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Open AccessArticle
An Improved Gradient Boosting Regression Tree Estimation Model for Soil Heavy Metal (Arsenic) Pollution Monitoring Using Hyperspectral Remote Sensing
Appl. Sci. 2019, 9(9), 1943; https://doi.org/10.3390/app9091943 - 12 May 2019
Cited by 5
Abstract
Hyperspectral remote sensing can be used to effectively identify contaminated elements in soil. However, in the field of monitoring soil heavy metal pollution, hyperspectral remote sensing has the characteristics of high dimensionality and high redundancy, which seriously affect the accuracy and stability of [...] Read more.
Hyperspectral remote sensing can be used to effectively identify contaminated elements in soil. However, in the field of monitoring soil heavy metal pollution, hyperspectral remote sensing has the characteristics of high dimensionality and high redundancy, which seriously affect the accuracy and stability of hyperspectral inversion models. To resolve the problem, a gradient boosting regression tree (GBRT) hyperspectral inversion algorithm for heavy metal (Arsenic (As)) content in soils based on Spearman’s rank correlation analysis (SCA) coupled with competitive adaptive reweighted sampling (CARS) is proposed in this paper. Firstly, the CARS algorithm is used to roughly select the original spectral data. Second derivative (SD), Gaussian filtering (GF), and min-max normalization (MMN) pretreatments are then used to improve the correlation between the spectra and As in the characteristic band enhancement stage. Finally, the low-correlation bands are removed using the SCA method, and a subset with absolute correlation values greater than 0.6 is retained as the optimal band subset after each pretreatment. For the modeling, the five most representative characteristic bands were selected in the Honghu area of China, and the nine most representative characteristic bands were selected in the Daye area of China. In order to verify the generalization ability of the proposed algorithm, 92 soil samples from the Honghu and Daye areas were selected as the research objects. With the use of support vector machine regression (SVMR), linear regression (LR), and random forest (RF) regression methods as comparative methods, all the models obtained a good prediction accuracy. However, among the different combinations, CARS-SCA-GBRT obtained the highest precision, which indicates that the proposed algorithm can select fewer characteristic bands to achieve a better inversion effect, and can thus provide accurate data support for the treatment and recovery of heavy metal pollution in soils. Full article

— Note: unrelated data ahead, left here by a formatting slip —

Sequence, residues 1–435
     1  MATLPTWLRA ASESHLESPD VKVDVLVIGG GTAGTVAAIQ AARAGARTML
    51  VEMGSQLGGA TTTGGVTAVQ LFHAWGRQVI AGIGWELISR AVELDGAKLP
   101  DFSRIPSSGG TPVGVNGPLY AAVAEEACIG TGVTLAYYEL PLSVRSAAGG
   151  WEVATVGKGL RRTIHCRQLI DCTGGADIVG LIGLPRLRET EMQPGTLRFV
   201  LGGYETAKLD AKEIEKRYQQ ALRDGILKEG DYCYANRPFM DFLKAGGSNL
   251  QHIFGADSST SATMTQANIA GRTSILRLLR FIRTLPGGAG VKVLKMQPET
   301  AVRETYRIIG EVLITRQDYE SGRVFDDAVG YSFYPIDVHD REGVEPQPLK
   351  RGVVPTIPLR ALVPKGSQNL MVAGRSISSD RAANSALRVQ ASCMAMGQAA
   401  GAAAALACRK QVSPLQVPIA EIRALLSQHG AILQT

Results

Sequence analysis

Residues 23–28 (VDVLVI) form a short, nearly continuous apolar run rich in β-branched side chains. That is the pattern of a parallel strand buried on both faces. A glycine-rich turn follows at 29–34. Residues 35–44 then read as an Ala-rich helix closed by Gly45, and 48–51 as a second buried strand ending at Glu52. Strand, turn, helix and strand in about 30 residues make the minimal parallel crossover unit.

(This article belongs to the Special Issue Remote Sensing and Health Problems)
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Open AccessArticle
Seasonal and Intra-Annual Patterns of Sedimentary Evolution in Tidal Flats Impacted by Laver Cultivation along the Central Jiangsu Coast, China
Appl. Sci. 2019, 9(3), 522; https://doi.org/10.3390/app9030522 - 03 Feb 2019
Cited by 2
Abstract
Human activities such as the rapid development of marine aquaculture in the central Jiangsu coast have had a marked impact on the tidal flat morphology. This research focuses on characterizing the spatial expansion of laver cultivation and its influence on the sedimentary evolution [...] Read more.